Pianist Ashley Henry, whose debut record, Beautiful Vinyl Hunter, was touted by Gilles Peterson as his favorite of 2019, is that rare bird—to U.S. jazz audiences, at least. Stateside, we expect pianists to pay homage to Bill Evans, Wynton Kelly, and Herbie Hancock, with a nod to Cedar Walton and maybe Oscar Peterson. But in the U.K., where jazz always draws from and flirts with pop music, the jazz piano trio is a far more malleable format. Henry can play; the two U.S. draftee accompanists who were seemingly new to his music did not change the fact that the man is gifted. But as the trio blew through funk/jazz/swing episodes fitted with plenty of solo space, the “pop” element was never far away. Paying tribute to Ahmad Jamal didn’t stop Henry’s ever-spiraling fingers and blazing tempos—the trio only bore down harder. Every move was melody-driven, and flowed from the pianist’s fingers like honey. Le Poisson Rouge welcomed Henry with open arms; success was sure.
Following Henry’s intense good vibes was no easy feat. But using the drums once again as communicator and primal power center proved key. The headlining Moses Boyd Exodus (led by drummer/producer Boyd) brought ’70s-style fusion grooves to music of drum ’n’ bass-like seamlessness and profundity. Referencing his forthcoming album Dark Matter, Boyd’s bass-less quartet performed like a band that’s lived together for years. This was an experience. Grooves grew into epics, solos scaled heights, the audience pushing the soloists on. Boyd’s music has extravaganza written all over it, his pummeling yet smooth rhythms driving the musicians to Fela-worthy agitations and symphonic climaxes. Hard to believe it’s all coming from such a baby-faced musician. Boyd doesn’t dominate; his ego is in check, his id at the service of the music. —KM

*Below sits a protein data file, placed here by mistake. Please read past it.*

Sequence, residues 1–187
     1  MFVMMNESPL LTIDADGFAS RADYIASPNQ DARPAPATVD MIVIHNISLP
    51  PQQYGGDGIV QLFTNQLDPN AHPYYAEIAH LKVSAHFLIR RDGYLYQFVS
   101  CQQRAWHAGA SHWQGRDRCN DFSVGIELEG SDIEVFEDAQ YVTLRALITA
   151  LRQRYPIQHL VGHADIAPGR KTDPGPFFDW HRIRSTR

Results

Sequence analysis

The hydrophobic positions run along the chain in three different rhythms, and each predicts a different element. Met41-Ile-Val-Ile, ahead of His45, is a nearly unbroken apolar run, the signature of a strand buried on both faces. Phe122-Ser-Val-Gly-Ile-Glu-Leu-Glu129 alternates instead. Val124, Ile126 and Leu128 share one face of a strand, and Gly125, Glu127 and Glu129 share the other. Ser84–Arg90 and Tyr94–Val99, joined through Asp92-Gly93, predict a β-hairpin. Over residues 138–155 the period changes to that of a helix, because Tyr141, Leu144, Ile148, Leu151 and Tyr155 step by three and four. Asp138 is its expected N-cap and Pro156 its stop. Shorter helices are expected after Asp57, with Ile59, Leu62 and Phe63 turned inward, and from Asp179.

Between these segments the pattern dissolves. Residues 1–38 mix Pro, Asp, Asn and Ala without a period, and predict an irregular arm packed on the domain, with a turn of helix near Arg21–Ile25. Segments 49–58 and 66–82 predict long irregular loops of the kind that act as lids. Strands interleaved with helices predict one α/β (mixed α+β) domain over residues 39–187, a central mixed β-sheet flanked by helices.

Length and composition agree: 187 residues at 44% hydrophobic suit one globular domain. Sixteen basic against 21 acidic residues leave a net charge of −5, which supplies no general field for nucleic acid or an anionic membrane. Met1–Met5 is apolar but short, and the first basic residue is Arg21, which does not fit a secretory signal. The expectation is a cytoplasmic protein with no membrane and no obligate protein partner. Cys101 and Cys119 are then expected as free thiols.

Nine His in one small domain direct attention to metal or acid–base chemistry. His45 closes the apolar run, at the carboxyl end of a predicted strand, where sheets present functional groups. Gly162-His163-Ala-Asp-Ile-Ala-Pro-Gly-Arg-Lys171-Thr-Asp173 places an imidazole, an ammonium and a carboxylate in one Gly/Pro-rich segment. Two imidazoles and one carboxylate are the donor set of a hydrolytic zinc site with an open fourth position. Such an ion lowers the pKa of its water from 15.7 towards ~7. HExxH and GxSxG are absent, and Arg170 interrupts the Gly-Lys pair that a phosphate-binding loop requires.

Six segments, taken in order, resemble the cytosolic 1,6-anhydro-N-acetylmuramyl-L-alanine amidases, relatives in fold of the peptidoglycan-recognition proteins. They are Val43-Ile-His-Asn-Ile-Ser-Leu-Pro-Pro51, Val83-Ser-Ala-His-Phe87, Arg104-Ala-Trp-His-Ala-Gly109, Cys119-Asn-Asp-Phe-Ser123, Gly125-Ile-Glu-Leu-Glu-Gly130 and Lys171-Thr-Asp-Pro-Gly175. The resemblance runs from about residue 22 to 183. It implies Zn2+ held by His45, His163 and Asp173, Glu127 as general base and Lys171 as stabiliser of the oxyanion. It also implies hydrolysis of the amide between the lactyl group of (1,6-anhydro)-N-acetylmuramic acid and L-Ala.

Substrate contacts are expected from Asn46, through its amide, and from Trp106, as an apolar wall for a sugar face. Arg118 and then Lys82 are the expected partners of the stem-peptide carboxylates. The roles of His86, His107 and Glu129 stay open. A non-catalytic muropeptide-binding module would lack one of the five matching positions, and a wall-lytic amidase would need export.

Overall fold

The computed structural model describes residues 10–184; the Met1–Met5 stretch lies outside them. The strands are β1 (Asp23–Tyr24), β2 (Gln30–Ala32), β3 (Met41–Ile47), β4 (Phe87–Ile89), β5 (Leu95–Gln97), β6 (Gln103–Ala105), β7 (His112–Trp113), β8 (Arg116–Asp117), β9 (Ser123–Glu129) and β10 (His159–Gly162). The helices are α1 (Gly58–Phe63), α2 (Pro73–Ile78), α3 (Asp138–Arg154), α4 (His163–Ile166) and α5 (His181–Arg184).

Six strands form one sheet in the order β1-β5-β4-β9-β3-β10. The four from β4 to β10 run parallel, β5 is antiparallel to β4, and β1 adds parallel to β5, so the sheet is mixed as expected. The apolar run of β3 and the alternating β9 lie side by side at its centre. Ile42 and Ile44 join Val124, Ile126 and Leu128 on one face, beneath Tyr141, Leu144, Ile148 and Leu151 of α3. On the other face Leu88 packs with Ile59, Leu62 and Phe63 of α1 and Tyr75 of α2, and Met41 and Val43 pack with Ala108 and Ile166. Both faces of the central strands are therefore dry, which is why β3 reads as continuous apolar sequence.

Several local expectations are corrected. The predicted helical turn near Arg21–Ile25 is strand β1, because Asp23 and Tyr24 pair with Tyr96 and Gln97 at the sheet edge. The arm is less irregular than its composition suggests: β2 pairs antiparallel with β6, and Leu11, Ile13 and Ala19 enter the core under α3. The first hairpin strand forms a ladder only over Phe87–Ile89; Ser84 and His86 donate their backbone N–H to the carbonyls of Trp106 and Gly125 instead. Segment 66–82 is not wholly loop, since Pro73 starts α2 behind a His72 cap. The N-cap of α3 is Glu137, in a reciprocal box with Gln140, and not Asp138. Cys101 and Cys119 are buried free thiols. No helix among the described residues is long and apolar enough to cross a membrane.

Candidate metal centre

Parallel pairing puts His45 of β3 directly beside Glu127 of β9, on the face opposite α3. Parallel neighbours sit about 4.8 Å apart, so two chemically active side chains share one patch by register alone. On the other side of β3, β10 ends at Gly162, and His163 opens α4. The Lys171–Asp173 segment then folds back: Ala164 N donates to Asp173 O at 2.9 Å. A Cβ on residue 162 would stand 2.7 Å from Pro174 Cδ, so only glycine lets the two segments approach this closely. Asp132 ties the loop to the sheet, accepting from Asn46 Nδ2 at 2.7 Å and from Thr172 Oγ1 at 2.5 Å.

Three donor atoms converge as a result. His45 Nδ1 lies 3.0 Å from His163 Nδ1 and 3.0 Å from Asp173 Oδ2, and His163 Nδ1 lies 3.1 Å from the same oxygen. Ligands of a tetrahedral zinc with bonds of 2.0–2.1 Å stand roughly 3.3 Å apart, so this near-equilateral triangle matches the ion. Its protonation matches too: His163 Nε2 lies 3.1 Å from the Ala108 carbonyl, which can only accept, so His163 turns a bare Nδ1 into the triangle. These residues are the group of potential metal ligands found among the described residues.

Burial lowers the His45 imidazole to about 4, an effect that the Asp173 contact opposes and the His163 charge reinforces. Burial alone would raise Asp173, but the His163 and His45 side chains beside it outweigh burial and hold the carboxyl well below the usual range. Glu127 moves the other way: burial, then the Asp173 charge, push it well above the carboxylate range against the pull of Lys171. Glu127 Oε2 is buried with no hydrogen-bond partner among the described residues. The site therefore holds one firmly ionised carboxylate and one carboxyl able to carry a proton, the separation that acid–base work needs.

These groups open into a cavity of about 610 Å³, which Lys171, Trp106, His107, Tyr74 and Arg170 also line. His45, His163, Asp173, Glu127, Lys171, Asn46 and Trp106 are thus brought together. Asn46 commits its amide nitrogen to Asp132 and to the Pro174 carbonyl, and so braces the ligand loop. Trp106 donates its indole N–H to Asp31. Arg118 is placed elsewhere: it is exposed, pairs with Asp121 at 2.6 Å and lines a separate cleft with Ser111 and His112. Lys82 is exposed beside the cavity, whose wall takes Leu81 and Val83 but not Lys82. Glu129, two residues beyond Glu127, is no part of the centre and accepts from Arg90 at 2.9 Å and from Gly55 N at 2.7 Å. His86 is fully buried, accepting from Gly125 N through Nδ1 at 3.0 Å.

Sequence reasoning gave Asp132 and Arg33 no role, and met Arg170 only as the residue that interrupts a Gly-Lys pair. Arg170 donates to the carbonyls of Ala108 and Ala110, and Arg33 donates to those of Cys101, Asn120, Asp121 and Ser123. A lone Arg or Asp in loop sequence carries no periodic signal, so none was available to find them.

Mark Guiliana Beat Music, Taylor McFerrin and yMusic at the Bowery Ballroom
This reporter kicked off Winter Jazzfest by seeing alternative chamber group yMusic tear up a cover of Sufjan Stevens’ “Year of the Boar.” String trio frenzy, bent notes from a piccolo, trumpet as a percussion instrument—there sure are worse ways to start. And a dazzling guest appearance by singer Emily King just made it that much better. Taylor McFerrin’s set of space-soul was distinguished by gloriously distorted Rhodes electric piano, swooping portamento synth, and a cool cameo from sister (and vocalist) Madison. But it was his wicked beatbox duel with drummer Marcus Gilmore that lingered longest in the memory.
Grammy-nominated drummer/composer Mark Guiliana was this year’s WJF artist-in-residence, and his first of seven sets during the festival was with the machine heads in Beat Music, featuring bassist Chris Morrissey and keyboardists BigYuki and Nicholas Semrad. On tap: Ultra-tight electronica-style grooves; analog synth overload; twisted bits of dub, funk, Bach, and steel band; and matching hoodies, of course. —MR